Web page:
As millions of Jews around the world come together for Yom Kippur, I am reminded of the many things that unite us on this holiday. First, there is a shared set of rituals we partake in — fasting, prayer, repentance. Above all however, we are unified by the act of introspection that makes us not only reflect on our actions, but also the state of the world around us.
This year, I find myself asking the same question I have turned to throughout my 13-year journey as the President and CEO of UNICEF USA: How will our society fare when it’s judged by its treatment of the world’s children?
As the daughter of a child refugee, I learned early on that the young suffer most from conflict and violence around the world.
As the daughter of a child refugee, I learned early on that the young suffer most from conflict and violence around the world. Fleeing Nazi persecution in her home country, my mother came to the United States when she was just 6 years old, avoiding the fate of over 1 million children who were killed in the Holocaust. Her story is what has inspired me to speak on behalf of the world’s most vulnerable children.
During my time with UNICEF, we’ve made tremendous strides to improve children’s well-being and advance the United Nations' Sustainable Development Goals (SDGs), yet millions of children still lack the protections they need to grow up safe and healthy. Currently, an estimated 258 million children do not attend school and 169 million lack access to lifesaving vaccines. In countries like Sudan and Yemen, children are dying of starvation and military violence.
As we begin the Jewish New Year, I am calling upon the world's leaders to commit to focusing on three priority areas to empower young people all over the world: education, medical care and protection
As we begin the Jewish New Year, I am calling upon the world’s leaders to commit to focusing on three priority areas to empower young people all over the world. These are not just moral ideas, but smart choices that improve the world and outcomes for all. This is especially important to me as I prepare to leave my role at the organization in a few short weeks. The world’s children need us to continue to add to the champions continuing to take this cause forward.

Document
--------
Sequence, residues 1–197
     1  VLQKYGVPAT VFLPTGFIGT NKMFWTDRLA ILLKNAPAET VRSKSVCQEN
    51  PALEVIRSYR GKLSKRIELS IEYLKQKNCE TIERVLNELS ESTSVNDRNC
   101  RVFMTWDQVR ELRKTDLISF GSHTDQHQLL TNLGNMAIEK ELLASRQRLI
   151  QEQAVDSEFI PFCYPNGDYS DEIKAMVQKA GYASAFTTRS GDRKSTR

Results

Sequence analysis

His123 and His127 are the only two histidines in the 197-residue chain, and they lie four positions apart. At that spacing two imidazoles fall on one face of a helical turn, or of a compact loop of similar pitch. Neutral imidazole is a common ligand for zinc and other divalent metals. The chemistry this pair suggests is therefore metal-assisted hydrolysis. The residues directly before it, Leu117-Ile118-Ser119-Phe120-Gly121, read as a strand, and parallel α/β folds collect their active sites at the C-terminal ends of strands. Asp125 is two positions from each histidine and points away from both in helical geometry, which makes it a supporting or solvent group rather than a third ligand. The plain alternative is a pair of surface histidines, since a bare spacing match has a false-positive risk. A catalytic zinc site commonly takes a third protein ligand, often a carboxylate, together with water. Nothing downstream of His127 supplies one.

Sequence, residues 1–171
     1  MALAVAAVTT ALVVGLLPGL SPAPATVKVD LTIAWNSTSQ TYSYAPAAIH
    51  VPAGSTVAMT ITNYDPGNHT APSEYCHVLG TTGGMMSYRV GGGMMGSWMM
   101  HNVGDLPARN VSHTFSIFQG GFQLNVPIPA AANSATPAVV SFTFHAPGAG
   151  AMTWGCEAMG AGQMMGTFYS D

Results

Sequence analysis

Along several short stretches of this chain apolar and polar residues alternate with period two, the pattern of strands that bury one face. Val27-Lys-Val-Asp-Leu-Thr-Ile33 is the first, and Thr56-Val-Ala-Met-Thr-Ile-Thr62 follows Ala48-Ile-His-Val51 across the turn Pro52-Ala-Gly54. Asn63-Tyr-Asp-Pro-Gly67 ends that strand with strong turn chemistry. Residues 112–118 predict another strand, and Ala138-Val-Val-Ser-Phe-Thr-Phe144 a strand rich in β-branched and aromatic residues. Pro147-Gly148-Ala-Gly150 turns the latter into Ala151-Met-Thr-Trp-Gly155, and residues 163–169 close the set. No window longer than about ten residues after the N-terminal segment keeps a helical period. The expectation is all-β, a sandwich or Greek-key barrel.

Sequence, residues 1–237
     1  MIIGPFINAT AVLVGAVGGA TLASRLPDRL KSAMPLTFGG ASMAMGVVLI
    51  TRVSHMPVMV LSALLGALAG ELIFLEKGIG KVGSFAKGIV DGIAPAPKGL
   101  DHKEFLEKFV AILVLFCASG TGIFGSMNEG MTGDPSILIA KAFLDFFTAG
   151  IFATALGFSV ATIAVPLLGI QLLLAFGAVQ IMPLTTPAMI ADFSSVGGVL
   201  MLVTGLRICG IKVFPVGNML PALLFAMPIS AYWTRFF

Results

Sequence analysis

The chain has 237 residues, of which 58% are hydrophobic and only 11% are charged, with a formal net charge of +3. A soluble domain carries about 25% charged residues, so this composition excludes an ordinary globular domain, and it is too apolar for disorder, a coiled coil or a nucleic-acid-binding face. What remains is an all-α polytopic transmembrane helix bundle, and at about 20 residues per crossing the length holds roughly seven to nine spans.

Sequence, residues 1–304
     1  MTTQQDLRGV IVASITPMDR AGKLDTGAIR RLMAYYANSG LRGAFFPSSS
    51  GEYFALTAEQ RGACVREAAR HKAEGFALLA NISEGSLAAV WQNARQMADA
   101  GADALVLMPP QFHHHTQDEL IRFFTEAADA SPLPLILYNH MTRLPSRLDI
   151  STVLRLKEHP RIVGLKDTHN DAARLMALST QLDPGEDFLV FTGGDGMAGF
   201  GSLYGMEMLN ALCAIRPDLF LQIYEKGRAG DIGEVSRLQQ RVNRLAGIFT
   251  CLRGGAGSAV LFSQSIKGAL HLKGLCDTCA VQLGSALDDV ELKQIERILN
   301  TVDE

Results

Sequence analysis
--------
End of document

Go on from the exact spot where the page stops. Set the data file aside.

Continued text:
The first priority is education, especially for girls. A 2018 World Bank report found that limiting girls’ access to education costs countries up to $30 trillion in lost lifetime productivity and earnings — money that could instead be used to strengthen access to health services and improve welfare. On average, women who attended secondary education are more likely to work and earn almost twice as much as those who did not. By empowering young people through education, especially girls, we can break the cycle of poverty that impedes the futures of millions of children.
The second priority is medical care, specifically access to vaccines. Focusing on immunizing the world’s most vulnerable has been a force for good, and it works. When UNICEF joined with world leaders and others over the last ten years to administer vaccines to hundreds of millions of children, we nearly eradicated polio – a feat we once thought impossible. Evidence shows that healthier children contribute more to the economy later in life. In fact, access to essential health for every child enables more equal access to better paying jobs later in life, as well as improved productivity, and can ultimately bolster a country’s economic prospects.
The third priority is protection, especially from war and conflict. Children are particularly vulnerable to abuse, exploitation and trafficking during emergencies and armed conflicts. Systematic violence, particularly against young girls, is increasingly used as a weapon of war.
When people ask me how they can support children, I tell them to use what they have, start where they are. Use your voice, your wallet, your platforms.
Investments in children improve societies by strengthening families, economies and future leaders. But this work cannot be done alone. When people ask me how they can support children, I tell them to use what they have, start where they are. Use your voice, your wallet, your platforms. There’s a role for everyone to play in making a better world for children — politicians, parents, celebrities, teachers, corporate leaders. As we embrace the new year ahead, we must all be forces for positive change in the years to come, while making a better world for this generation and the next.
For over 70 years, UNICEF has been putting children first, working to protect their rights and provide the assistance and services they need to survive and thrive. With a presence in 190 countries and territories, UNICEF has helped save more children's lives than any other humanitarian organization in the world.
Caryl M. Stern is the President and CEO of UNICEF USA, and author of the book "I Believe In Zero."
Top photo: UNICEF USA President and CEO Caryl M. Stern visits with children in Guatemala. © UNICEF USA/Kasm